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Bangladesh: Leaders Face Tough Test
Final round of reform talks to take place Monday
Golam Mustofa Sarowar (Golam)     Print Article 
Published 2006-10-23 07:54 (KST)   
The two top leaders in Bangladesh, Prime Minister Begum Khaleda Zia and opposition leader Sheikh Hasina Wazed, are facing the toughest test of their political careers as time runs out on averting a political catastrophe. The nation is locked in a grave impasse over proposals for election reforms.

The sixth and possibly final round of reform talks scheduled to take place Monday between the ruling Bangladesh Nationalist Party (BNP), represented by Abdul Mannan Bhuiyan, and the opposition Awami League (AL), represented by Abdul Jalil, seem destined to collapse, as neither side is ready to budge from their stand on whether K. M. Hasan will become the chief adviser of the caretaker government that will oversee the elections in January, as required by Bangladesh's constitution.

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The BNP is set on making Hasan chief adviser while the AL is determined to resist it. The AL has said that Hasan, a former Supreme Court chief justice, would not be neutral. Despite the continuation of dialogue, the parties have announced conflicting programs for face-offs over the issue on the streets.

Now all eyes are fixed on Zia and Wazed as the fate of the crucial BNP-AL dialogue will be decided by them. Both leaders have been out of the country, Zia in Saudi Arabia and Wazed in Britain. Both returned home this weekend. How they handle the vital reform issue, and what mandate they give to their representatives at the talks, are questions that have been on the minds of millions of Bangladeshis across the country.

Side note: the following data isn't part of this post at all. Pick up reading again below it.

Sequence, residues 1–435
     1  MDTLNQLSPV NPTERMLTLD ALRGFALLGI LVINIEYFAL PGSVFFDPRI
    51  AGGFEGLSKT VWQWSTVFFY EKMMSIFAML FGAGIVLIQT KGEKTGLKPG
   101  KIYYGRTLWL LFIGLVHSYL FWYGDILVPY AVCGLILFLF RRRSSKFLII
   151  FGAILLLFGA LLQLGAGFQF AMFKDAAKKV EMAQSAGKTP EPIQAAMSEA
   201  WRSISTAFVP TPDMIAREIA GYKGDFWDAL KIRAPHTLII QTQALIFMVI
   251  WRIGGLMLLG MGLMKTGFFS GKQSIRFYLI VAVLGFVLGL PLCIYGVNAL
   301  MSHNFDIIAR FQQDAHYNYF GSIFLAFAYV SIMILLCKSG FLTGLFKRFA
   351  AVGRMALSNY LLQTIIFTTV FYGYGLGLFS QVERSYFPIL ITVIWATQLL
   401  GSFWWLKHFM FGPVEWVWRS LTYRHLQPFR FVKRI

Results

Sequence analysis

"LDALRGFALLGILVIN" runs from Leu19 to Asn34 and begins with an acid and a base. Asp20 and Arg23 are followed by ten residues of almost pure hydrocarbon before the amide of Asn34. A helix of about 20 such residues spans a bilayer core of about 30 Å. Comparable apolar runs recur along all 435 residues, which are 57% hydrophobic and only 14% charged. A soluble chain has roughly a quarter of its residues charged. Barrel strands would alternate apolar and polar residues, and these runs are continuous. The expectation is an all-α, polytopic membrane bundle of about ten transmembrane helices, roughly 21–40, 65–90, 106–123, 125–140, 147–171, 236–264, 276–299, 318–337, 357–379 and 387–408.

According to sources, as the tenure of the Parliament and the government expires on Oct. 27, the BNP-led government, Bangabhaban -- the president's official residence in Dhaka, the capital -- and the administration are all set to install Hasan as the chief adviser on Oct 28, regardless of the outcome of the talks.

In line with Hasan's possible swearing-in ceremony, the BNP, which heads a four-party coalition, is organizing rallies at the Paltan Maidan, in Dhaka, for Oct. 27 to Oct. 29. For its part, the AL-led 14-party alliance observed "Reform Implementation Day" on Sunday. They have also vowed to besiege the capital and paralyze the country if Hasan is made chief adviser.

In other words, the two sides are headed for a serious confrontation in the streets, raising the obvious apprehension of political turmoil, which could led to a disruption of the constitutional and democratic process that has reigned for fifteen years through three consecutive elections.

Against this backdrop, observers maintain that Zia and Wazed are faced with the uphill task of resolving the political stalemate and keeping the country from slipping into either anarchy or a state of possible extra-constitutional rule. Whether they can succeed in placing national interests above petty party interests will be an acid test of their ability to deliver the goods.

Their failure in this respect, as many observers have opined, will be tantamount to a betrayal of the nation.
©2006 OhmyNews
Other articles by reporter Golam Mustofa Sarowar

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